Even though the children fell so easily, it was painful. Even though they were just a few clicks on a menu that took all of an hour to put together, it hurt. Staring at four unmoving corpses that you loved in an odd sense was only comparable to killing one's own child. These four knew nothing of children though. They were children themselves, truly. They just didn't look the part any longer. That's what SBURB did after all. It let one's body keep track of how long they had left. Right now, they had a while. They could do things. But if they didn't get back to work now, they would wither away and both their planet, their creations, and their chance at finally claiming their prize would would all die with a whimper.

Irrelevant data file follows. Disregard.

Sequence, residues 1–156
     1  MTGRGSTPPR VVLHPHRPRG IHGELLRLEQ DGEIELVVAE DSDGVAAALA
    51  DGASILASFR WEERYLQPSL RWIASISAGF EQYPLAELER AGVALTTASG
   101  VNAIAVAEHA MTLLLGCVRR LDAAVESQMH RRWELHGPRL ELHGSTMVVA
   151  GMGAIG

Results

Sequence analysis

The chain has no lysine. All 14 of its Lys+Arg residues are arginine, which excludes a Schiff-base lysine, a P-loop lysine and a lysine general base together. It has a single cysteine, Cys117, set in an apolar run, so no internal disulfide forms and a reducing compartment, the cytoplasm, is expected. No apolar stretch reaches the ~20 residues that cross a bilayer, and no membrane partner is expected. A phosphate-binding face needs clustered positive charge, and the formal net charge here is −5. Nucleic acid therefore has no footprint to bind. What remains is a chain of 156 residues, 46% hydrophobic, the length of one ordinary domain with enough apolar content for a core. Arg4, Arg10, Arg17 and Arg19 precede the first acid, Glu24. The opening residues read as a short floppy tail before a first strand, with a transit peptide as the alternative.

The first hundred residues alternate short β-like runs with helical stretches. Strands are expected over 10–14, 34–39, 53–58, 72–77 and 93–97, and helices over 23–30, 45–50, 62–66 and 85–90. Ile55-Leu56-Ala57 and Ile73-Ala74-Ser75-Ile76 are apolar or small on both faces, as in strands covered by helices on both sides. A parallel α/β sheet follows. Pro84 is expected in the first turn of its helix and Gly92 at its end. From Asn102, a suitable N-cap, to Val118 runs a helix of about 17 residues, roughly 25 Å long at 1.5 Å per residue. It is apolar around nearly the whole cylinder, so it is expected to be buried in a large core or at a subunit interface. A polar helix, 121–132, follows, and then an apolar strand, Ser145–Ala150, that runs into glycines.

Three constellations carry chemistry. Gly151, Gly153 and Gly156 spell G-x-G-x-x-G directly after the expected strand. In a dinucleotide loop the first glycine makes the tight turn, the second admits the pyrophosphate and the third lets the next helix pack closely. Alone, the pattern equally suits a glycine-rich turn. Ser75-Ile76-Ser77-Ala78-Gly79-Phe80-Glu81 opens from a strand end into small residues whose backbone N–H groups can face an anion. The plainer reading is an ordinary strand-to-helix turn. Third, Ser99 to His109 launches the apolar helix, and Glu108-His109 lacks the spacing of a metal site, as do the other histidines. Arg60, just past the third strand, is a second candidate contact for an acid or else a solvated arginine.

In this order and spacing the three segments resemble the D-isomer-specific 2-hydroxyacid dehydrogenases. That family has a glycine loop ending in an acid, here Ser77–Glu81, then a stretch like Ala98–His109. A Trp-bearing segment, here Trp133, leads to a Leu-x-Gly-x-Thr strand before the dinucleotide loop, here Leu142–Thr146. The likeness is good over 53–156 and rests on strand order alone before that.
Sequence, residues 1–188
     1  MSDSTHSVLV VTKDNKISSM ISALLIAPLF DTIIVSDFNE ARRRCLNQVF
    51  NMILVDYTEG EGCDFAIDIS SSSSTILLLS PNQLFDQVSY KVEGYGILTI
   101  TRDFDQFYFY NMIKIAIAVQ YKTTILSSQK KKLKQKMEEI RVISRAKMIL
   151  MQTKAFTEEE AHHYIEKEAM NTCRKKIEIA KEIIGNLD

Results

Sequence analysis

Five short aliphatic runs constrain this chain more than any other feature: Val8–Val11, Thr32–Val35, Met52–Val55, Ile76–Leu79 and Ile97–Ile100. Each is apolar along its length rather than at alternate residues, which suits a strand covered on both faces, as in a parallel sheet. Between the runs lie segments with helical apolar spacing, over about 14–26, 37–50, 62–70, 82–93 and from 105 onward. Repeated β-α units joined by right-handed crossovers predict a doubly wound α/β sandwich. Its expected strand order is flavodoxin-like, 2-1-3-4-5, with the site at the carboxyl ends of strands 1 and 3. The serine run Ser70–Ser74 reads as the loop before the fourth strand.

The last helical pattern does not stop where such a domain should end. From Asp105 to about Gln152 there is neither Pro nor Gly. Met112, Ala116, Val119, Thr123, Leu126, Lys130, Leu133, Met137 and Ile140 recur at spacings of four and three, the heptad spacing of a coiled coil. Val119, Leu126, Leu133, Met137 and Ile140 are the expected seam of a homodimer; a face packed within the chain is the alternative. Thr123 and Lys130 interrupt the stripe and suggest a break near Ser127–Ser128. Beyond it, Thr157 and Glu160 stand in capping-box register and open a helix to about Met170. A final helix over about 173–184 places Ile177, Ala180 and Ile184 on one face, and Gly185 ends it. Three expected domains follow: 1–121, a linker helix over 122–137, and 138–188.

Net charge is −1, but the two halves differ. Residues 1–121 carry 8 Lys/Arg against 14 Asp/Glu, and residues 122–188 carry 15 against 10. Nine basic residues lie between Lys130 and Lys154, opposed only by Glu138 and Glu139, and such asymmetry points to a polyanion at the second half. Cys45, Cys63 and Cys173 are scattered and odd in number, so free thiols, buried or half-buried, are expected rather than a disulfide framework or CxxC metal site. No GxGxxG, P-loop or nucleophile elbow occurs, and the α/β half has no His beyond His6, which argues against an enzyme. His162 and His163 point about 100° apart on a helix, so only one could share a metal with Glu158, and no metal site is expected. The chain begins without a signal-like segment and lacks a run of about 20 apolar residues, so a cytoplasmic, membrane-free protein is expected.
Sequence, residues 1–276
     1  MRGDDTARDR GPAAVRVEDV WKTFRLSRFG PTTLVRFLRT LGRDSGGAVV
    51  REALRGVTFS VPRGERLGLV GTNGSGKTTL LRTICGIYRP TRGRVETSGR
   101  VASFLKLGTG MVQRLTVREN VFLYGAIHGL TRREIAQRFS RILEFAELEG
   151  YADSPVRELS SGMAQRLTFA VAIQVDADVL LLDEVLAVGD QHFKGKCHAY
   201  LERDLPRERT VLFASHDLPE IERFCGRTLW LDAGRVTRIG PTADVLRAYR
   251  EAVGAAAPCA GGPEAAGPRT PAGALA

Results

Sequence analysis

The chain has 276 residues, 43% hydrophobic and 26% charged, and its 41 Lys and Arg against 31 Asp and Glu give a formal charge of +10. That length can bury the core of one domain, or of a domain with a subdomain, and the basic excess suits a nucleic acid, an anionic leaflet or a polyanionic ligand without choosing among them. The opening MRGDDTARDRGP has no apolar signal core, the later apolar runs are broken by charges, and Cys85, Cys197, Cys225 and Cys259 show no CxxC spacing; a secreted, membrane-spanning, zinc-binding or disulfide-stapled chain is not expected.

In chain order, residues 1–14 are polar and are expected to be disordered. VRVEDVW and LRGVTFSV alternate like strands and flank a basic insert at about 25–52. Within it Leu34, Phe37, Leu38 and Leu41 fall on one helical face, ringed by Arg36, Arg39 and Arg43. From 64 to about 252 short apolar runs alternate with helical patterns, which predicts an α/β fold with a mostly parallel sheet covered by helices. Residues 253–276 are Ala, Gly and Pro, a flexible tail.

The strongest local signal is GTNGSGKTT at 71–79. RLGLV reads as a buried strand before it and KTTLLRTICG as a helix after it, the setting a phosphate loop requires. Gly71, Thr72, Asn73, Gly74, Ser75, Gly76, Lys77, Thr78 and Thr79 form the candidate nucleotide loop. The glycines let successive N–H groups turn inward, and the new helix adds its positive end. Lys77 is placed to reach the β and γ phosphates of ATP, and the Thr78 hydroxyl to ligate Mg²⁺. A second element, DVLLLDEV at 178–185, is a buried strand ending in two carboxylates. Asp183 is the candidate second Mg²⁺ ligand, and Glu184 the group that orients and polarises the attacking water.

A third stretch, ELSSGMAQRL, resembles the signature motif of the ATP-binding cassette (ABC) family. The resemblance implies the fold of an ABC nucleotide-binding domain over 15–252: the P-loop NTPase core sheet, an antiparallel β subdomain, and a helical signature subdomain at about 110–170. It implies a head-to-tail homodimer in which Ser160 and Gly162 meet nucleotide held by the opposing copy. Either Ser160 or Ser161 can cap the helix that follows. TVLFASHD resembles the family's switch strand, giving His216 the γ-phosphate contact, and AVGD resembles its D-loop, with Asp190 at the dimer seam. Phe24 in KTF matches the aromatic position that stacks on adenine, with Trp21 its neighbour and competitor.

The four stood in silence for what seemed like an eternity. They soon turned to their leader.

"We just have to try again." He said in a whisper. "We can just...learn from this."

More silence followed.

"What about the other way we could do it?" One of the gods suggested. She had taken a seat on the floor. Her rifle was kicked into a corner. She couldn't stand looking at it after what it helped do. She didn't sound as excited as she used to.

"I...I just don't think it's the best option." The leader said grabbing his forehead. He wondered if gods were supposed to sweat this much. It didn't seem very godly.